In 1887, Nietzsche read a peculiar French translation of Notes from Underground entitled L’esprit souterrain, which wasn’t actually Notes from Underground, but was a very loose translation of two different novels written 20 years apart, The Landlady and Notes from Underground, presented as a single story comprising two linked parts. The two stories had been joined together by the translator, with Ordynov, the romantic dreamer of The Landlady, becoming the main character of the Notes from Underground. What the translator presented as the second part of the story was a very free adaptation of Notes from Underground. Nietzsche had this to say in a letter to Franz Overbeck on 23rd February, 1887: “I knew nothing about Dostoevsky, not even his name, until a few weeks ago – uncultivated person that I am, reading no ‘periodicals’! In a bookshop my hand accidentally came to rest on L’esprit souterrain… The instinct of affinity (or what shall I call it?) spoke to me instantaneously – my joy was beyond bounds; not since my first encounter with Stendhal’s Rouge et Noir have I known such joy. (The book consists of two short stories, the first really a piece of music, very foreign, very un-German music; the second a stroke of genius in psychology, a sort of self-ridicule of know thyself).”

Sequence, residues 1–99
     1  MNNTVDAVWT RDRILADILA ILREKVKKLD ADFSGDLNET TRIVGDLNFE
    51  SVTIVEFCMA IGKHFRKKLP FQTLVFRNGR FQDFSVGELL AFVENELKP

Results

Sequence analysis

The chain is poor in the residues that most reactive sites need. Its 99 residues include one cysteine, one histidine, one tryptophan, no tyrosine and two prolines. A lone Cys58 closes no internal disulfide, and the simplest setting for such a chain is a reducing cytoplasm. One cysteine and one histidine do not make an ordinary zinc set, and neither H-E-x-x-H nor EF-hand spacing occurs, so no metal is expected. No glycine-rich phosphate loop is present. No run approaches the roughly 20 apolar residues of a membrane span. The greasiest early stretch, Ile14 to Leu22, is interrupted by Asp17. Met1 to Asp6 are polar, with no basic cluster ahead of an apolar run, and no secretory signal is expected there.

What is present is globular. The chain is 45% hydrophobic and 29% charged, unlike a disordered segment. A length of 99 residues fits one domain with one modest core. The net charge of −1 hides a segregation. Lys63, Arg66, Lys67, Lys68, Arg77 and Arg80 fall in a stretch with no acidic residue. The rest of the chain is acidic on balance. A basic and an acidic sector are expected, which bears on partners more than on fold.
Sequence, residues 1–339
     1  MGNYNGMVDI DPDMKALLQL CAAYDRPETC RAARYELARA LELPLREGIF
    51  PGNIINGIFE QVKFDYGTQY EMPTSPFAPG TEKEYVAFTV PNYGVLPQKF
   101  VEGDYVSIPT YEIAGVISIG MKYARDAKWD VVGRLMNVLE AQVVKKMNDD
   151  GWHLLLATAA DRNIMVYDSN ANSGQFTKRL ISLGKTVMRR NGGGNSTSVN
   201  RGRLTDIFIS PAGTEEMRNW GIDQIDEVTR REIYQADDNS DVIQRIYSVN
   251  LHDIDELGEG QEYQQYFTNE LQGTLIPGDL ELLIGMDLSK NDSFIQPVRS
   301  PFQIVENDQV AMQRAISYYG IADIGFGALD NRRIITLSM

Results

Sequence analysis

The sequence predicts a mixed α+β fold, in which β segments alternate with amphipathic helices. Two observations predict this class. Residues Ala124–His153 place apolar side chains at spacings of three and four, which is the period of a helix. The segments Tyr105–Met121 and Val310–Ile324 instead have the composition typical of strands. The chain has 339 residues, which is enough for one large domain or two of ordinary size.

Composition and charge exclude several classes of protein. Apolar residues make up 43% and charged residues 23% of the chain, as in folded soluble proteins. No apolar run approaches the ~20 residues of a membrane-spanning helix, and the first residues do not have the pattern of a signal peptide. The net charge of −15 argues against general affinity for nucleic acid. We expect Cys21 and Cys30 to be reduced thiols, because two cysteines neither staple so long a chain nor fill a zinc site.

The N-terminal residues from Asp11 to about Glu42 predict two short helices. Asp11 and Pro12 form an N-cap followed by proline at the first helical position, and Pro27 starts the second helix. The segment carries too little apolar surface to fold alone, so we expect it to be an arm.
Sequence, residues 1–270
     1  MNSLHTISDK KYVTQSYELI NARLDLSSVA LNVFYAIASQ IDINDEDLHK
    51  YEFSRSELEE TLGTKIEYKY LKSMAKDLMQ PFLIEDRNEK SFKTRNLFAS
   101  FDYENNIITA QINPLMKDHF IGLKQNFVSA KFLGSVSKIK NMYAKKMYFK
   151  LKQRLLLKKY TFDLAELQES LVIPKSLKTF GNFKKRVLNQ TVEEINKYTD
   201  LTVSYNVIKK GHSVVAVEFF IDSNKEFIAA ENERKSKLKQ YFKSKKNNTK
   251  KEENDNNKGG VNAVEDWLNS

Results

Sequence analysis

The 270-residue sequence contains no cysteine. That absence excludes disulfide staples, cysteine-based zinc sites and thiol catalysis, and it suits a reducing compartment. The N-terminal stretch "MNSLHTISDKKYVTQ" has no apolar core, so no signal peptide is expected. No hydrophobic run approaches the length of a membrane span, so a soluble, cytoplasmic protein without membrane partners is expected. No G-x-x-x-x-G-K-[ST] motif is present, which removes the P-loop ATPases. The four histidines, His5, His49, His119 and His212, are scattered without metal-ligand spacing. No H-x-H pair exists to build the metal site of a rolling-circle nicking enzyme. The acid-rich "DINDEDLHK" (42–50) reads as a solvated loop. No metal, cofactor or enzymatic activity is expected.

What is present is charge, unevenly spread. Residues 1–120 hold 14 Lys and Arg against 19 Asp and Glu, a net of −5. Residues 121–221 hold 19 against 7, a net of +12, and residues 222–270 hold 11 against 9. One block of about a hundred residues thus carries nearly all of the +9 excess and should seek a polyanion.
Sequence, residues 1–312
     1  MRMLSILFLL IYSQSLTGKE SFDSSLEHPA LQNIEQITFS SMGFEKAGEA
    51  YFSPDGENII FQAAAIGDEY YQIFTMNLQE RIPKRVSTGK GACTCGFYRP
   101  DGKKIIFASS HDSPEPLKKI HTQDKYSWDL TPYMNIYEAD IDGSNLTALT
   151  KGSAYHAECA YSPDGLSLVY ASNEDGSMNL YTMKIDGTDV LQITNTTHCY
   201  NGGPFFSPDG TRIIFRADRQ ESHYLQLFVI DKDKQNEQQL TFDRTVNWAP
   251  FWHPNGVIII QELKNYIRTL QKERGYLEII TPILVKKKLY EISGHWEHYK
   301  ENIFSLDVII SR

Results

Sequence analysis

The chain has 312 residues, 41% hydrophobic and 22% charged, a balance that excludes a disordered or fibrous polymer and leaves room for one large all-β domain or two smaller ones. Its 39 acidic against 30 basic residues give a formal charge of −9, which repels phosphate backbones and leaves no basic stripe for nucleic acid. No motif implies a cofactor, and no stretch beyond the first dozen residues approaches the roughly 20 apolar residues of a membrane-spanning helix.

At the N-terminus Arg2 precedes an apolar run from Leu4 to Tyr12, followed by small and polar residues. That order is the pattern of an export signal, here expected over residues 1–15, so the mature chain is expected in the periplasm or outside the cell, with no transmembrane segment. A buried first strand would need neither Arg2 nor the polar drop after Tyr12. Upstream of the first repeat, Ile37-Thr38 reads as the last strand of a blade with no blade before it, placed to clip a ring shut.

It was Nietzsche’s reading of that translation of Notes from Underground, however strange that translation was, that lead him to give such an importance to the idea of ressentiment in On the Genealogy of Morals, which was central to Nietzsche’s attack on nihilism in the Third Essay of that book. Since the first two essays in On the Genealogy of Morals are an extended attack on the way ressentiment underpins Christian morality, the suggestion that because Dostoyevsky himself believed in the redemptive power of Christianity he might deserve to be ‘cancelled’, in the light of the way a certain conception of the Russian soul is suggested by Putin’s aggression seems peculiar, to say the least. Nietzsche found in Dostoyevsky the resources to construct the story of how the resentment of early Christians engendered the “poisonous and hostile feelings” which led to the “revolt into morality.” How we read Dostoyevsky is up to us, as readers. But Nietzsche showed us one way of reading him, and Nietzsche’s way has been of profound significance for the intellectual and moral life of Europe and the world. Nietzsche did not read Dostoyevsky as offering a picture of the Russian soul which could be used to justify Putin’s war.